Sunday 29th September to Saturday 5th October 2019

Posted: 05/10/2019 21:26

Sunday 29th.   An Atlantic depression and its accompanying fronts meant it was a dull and wet day at Sutton, with 23.4 mm of rain recorded and not surprisingly, no flights.

Monday 30th.   Sunday's depression had moved off to the east leaving the site in an unstable, light to moderate WNW'ly flow that provided some limited convective conditions in the post lunch period.  These were utilised by Rob Bailey in his ASG29t in a flight of 2:18, during which he visited Malton and Pickering, before advancing high cover from the west meant a return to site.  The only other pilot to exceed an hour's flying time was Duncan Pask who had 1:05 in his LS10, with only a further 4 of the day's 27 ATs off runway 24 managing flight times of over 30 minutes.  These included visitors Graham Morris and G Burkenshaw in their own gliders with Graham later posting a 31 minute flight in the DG500 with his partner. The 4 th > 30 minute flight was by Les Rayment and one of the day's 6 First Flight pupils in the DG1000.

Tuesday 1st October.  Another Atlantic depression, the remnants of another Atlantic hurricane brought another day of rain and no flying, as the light to moderate NNE'ly wind backed into the NNW over the course of  the day.

Wednesday 2nd.   JThe legacy of Tuesday's depression was a sunny day, with a few ragged Cumulus in the afternoon, as a light NW'ly blew.  Operations were off runway 24, with some landings on 20, the day's launch total being 19.  It was essentially a day of circuits with only one flight, that of Andy Parish with one of the day's First Flight pupils managing 32 minutes off a 3,000' QFE launch in the DG1000.

Thursday 3rd.   A light ESE'ly that progressively strengthened to become moderate, led to 13 ATs off runway 20, none of whom led to flights in excess of 30 minutes.  Only the two K21s were flown with 6  of  these flown dual  and 7 solo with Bruce Grain's two flights with the day's First Flight pupils being the longest at 26 minutes, courtesy of 3,000' QFE tows with Bob Spiller's 24 minutes solo also the result of the same release height.

Friday 4th.  Morning rain and afternoon low cloud in a light to moderate NW'ly that progressively veered into the ENE meant a non-flying day.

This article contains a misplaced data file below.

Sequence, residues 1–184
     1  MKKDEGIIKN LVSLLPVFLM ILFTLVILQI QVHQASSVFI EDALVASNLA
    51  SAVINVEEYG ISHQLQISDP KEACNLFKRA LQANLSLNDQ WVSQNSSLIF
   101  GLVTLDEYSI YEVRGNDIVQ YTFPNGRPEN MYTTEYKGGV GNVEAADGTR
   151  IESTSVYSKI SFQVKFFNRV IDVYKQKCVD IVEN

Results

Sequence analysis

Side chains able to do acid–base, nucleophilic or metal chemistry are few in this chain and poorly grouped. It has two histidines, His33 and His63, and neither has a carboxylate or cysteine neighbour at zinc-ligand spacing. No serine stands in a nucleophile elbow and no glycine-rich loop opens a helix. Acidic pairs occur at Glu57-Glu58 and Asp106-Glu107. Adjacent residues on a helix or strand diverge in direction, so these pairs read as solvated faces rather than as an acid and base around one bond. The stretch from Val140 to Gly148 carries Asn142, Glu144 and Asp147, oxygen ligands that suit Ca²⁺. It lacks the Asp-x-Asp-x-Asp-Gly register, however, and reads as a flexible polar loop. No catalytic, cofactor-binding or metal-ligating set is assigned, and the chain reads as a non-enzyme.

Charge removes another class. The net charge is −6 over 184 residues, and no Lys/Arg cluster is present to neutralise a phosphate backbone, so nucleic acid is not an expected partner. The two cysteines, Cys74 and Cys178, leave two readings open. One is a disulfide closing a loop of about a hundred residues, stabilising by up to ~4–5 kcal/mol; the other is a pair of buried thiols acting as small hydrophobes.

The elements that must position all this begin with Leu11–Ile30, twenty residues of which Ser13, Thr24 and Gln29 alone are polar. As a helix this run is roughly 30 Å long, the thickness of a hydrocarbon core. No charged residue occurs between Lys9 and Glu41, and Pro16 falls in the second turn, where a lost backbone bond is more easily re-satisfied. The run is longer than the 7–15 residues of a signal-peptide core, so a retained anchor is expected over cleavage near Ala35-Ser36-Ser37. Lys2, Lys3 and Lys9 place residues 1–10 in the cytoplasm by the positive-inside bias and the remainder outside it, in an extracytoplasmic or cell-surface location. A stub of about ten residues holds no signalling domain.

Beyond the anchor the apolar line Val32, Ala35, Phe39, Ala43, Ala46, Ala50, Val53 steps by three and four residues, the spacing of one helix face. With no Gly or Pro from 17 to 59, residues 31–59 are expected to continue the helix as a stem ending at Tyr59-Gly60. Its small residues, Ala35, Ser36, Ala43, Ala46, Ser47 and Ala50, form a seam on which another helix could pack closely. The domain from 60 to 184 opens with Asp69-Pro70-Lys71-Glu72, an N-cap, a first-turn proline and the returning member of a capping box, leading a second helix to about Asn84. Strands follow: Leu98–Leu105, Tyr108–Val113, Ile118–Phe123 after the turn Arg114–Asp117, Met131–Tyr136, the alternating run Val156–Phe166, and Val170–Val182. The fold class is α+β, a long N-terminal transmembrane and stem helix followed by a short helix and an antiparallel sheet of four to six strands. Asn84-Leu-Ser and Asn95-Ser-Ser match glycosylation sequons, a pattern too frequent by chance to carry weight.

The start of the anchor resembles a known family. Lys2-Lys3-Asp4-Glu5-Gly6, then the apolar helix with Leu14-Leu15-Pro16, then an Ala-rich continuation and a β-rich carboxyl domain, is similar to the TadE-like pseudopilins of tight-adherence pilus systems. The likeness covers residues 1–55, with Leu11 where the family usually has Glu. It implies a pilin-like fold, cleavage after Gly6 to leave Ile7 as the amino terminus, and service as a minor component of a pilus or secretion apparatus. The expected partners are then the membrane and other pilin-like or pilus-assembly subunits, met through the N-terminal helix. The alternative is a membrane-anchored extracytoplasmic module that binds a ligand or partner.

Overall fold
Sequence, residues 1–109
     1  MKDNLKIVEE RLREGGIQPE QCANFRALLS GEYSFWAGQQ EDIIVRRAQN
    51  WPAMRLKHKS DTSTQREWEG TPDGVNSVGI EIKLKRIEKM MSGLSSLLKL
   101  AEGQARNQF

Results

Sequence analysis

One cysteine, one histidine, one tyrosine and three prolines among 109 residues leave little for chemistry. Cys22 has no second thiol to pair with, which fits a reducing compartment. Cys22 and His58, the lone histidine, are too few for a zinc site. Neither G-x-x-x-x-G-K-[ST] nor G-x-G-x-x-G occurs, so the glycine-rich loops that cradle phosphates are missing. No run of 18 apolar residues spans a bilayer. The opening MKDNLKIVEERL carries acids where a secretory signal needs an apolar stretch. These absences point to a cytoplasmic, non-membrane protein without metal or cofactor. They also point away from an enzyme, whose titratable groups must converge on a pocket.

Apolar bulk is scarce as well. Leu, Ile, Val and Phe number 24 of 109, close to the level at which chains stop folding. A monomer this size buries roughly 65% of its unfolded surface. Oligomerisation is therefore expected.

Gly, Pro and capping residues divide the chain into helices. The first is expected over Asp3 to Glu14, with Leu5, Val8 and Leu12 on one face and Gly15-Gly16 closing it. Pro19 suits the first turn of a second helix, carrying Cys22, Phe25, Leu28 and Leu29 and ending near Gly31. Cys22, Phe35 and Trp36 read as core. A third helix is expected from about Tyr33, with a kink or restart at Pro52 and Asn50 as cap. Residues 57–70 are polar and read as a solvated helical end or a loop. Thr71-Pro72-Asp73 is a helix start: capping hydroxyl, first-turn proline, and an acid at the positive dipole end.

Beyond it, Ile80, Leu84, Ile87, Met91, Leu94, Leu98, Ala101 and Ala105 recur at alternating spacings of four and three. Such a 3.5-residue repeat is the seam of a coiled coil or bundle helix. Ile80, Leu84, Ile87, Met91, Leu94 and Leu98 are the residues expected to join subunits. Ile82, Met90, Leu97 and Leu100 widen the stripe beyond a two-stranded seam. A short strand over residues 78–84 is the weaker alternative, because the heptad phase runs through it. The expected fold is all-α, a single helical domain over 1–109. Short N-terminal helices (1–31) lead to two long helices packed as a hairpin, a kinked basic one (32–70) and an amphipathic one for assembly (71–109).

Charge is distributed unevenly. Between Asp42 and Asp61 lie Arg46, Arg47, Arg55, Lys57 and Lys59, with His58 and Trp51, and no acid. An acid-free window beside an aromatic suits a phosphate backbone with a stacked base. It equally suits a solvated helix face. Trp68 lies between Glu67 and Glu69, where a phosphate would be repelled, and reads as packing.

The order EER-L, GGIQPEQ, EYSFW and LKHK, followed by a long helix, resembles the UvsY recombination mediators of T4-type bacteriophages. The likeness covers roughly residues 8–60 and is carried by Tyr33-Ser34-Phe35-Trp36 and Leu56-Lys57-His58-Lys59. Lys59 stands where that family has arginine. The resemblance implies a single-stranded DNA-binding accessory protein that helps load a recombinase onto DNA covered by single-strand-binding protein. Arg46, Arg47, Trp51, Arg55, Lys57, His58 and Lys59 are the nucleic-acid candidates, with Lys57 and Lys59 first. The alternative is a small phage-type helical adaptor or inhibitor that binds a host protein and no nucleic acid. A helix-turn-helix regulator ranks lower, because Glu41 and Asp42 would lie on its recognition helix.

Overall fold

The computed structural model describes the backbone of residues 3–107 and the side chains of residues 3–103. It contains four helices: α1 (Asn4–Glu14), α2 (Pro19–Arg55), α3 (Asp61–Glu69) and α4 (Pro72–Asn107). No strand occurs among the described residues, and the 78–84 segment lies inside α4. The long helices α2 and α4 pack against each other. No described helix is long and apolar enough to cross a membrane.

Saturday 5th.  A front over the west of the UK made very slow progress east so that a flying, if not soaring, day was possible at Sutton.   Scattered low cloud at times, with a base at around 700' QFE,  threatened to disrupt procedings but never did, with 15 ATs off runway 20, its wet patches showing the effect of a wet end to September.  Although the conditions were never to provide a means of staying up, indeed the air was silky smooth during the pre-lunch period and the day's longest flight was 26 minutes, the day was notable for 2 reasons.  The first of these was the first day of an "Introduction to Flight" option for those wanting to experience gliding for the first time. Costing the same as a normal First Flight, the Introduction to Flight option is aimed at those who have an interest in becoming a glider pilot rather that having a one-off experience.  and Saturday saw Alan, Adam and Mike become more fully immersed in the gliding world.  After introductions to the hosting team, all attended the morning briefing, were shown the safety video and then were given a guided tour of the facilities and a detailed inspection of a glider before going out to the launch point.  There their instructor took them for a flight during which the basic controls were demonstrated and the pupil given control of the glider.  After landing, the pupil was debriefed and progress cards on flying and ground instruction filled in.  All the pupils expressed an enthusiasm for the day's activities and one, Alan, had a second flight during the afternoon.  Some photos from the day are included below showing in order: George with pupils Adam and Alan, the whole party, hosts and pupils, host Adam introducing pupils Adam, Mike and Alan to a glider and Ron doing a pre launch glider check with pupil Mike.

While all the above was going on, the second of the day's highlights was the first solo of Josh Brooks, which he followed up with a second flight later in the day, so congratulations to him.  The following photo shows a happy Josh receiving his wings from Peter Goodchild.


This blog describes a snippet of life at the Yorkshire Gliding Club. Why not take a flight and try it yourself, or we can teach you to fly as a full club member.

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